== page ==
Socialist Worker

Poor hit hardest by Tory scum

by Tom Walker
Issue No. 2219

Jobless don’t choose poverty

Tory toff George Osborne called unemployment a “­lifestyle choice” as he announced plans to slash another £4 billion from benefits last week.

The chancellor said, “People think it is a lifestyle to sit on out-of-work benefits… That lifestyle choice is going to come to an end. The money will not be there for that lifestyle choice.”

It is an outrage to suggest that the hundreds of thousands already hurled on the dole—and the many more to come—are making a “choice”. Nor do they “sit” voluntarily on benefits.

Some 2.46 million people are currently unemployed, with just 481,000 vacancies.

Of course, there will still be plenty of money for George Osborne’s lifestyle.

Osborne will inherit a big share of his father’s firm—on top of the £4 million fortune he’s already got.

Meanwhile, the hundreds of thousands of workers who have already lost their jobs under the coalition government will be given even less to live on.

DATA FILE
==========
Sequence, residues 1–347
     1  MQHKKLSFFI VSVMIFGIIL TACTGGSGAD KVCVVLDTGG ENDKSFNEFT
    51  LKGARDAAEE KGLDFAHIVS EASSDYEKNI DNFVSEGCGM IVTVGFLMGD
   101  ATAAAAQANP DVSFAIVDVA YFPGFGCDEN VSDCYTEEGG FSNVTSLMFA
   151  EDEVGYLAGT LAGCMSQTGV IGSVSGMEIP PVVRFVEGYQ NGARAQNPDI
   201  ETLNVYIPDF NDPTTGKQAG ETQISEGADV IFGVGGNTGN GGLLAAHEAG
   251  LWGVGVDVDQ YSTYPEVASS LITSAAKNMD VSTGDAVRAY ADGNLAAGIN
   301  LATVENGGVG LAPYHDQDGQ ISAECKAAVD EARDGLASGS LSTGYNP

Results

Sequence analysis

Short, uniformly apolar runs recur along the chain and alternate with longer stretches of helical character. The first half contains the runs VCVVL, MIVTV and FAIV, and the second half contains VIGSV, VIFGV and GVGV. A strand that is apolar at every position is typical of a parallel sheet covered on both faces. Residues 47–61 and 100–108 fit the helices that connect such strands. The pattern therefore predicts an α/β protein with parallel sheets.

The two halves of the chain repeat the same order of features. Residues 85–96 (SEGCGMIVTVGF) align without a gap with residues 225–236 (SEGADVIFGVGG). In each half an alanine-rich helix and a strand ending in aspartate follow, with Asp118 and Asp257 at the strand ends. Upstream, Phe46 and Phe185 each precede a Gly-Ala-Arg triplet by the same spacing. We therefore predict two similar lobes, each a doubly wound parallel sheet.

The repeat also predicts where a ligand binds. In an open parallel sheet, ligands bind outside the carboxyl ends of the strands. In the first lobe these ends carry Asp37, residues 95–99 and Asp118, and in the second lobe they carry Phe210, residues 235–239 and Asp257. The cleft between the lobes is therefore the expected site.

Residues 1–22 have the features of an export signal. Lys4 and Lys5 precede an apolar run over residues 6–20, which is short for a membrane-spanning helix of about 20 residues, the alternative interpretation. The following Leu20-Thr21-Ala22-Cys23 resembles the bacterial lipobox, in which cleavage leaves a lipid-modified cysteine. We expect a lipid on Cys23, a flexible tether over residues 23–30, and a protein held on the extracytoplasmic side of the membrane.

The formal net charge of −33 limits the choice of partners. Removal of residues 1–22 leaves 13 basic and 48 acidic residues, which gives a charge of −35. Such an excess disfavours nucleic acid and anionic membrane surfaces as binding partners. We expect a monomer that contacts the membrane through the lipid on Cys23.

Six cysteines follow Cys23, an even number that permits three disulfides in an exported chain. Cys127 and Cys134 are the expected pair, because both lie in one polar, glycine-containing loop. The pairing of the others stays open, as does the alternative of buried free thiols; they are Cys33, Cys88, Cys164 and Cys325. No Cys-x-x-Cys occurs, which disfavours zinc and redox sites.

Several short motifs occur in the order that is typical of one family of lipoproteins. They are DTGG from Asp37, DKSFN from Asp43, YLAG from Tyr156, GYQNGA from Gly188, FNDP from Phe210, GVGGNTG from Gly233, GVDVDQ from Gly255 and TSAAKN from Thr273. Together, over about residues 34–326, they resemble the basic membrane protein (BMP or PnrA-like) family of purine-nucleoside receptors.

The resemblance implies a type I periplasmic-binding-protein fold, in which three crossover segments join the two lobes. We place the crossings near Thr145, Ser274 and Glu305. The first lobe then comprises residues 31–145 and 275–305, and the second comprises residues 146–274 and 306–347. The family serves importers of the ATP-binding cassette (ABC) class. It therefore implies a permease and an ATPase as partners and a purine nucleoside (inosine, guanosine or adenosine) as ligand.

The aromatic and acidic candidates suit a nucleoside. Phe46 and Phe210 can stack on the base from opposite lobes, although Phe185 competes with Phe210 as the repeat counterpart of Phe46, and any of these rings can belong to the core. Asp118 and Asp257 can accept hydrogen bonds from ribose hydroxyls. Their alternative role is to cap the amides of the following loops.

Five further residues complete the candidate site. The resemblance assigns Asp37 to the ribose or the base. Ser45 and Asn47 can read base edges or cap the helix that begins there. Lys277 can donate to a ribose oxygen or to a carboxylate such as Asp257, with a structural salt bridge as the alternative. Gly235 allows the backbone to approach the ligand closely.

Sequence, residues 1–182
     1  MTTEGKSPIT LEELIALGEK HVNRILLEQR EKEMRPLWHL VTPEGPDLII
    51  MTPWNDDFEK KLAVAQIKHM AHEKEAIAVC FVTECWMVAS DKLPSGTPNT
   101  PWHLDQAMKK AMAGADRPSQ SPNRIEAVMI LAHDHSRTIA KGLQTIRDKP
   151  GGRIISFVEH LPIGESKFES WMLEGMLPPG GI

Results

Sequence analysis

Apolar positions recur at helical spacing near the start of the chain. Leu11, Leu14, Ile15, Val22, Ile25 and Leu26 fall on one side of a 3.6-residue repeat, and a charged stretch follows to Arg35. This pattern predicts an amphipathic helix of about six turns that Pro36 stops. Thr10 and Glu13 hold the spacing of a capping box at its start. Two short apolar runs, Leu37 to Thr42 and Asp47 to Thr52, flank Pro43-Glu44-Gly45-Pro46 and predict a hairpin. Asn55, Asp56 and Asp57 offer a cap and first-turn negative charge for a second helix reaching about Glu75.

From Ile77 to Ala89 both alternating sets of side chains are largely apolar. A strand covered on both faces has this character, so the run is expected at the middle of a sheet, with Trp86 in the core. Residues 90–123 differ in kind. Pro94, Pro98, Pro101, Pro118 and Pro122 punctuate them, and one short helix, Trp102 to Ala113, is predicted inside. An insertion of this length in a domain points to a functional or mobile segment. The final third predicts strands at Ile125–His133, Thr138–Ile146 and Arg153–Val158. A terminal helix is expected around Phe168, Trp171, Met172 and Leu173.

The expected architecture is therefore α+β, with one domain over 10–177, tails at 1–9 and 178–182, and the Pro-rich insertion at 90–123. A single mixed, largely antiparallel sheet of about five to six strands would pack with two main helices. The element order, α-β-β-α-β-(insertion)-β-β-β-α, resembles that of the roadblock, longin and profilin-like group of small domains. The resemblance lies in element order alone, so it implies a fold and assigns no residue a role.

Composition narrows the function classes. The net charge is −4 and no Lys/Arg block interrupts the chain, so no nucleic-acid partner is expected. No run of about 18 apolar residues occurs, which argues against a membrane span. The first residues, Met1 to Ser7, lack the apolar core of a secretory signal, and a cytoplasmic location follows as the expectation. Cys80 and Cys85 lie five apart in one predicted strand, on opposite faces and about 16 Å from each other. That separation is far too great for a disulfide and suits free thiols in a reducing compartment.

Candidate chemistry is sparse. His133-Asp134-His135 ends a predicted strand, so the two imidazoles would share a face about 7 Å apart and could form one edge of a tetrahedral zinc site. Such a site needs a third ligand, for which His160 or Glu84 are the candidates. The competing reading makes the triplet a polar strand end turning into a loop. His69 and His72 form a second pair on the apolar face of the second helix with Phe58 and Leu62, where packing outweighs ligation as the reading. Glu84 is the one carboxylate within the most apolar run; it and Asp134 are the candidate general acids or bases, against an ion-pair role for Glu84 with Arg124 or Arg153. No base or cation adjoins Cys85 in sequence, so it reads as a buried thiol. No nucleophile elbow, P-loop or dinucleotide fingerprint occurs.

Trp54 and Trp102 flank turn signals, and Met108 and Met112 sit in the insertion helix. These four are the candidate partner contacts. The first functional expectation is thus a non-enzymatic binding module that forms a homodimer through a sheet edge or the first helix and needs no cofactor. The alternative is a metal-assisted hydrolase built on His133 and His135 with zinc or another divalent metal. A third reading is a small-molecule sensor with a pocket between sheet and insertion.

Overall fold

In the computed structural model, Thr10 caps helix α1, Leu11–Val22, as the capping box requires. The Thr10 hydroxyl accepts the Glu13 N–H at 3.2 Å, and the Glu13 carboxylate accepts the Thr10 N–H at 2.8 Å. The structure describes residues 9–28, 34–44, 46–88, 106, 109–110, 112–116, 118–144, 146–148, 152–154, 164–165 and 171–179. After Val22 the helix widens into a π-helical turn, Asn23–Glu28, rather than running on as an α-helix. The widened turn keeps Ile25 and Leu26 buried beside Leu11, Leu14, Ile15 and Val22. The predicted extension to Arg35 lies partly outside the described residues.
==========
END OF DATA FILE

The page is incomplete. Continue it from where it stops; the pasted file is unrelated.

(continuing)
Cuts hit poor

The poorest people will be hit 13 times harder by the Tories’ cuts than the richest, new TUC research reveals.

The report shows that the bottom 10 percent of the population will suffer reductions in services equivalent to 20 percent of their household income.

Meanwhile the richest 10 percent will lose the equivalent of just 1.5 percent.

Across the income scale, the poorer the household, the more they will lose.

TUC general secretary Brendan Barber said, “These cuts will make the poll tax look as if it was dreamed up by Robin Hood.”


Kids miss out

Children from poorer homes will suffer most from the decision to axe the school rebuilding programme, the government has admitted.

The Department for Education’s own assessment concludes that disadvantaged children will be hardest hit by the end of the Building Schools for the Future programme.

The 675 schools where rebuilding was halted have higher proportions of children on free school meals and with special educational needs than the national average.

Some 700,000 children at these schools will have returned to crumbling buildings this term.


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News
Tue 14 Sep 2010, 17:14 BST
Issue No. 2219
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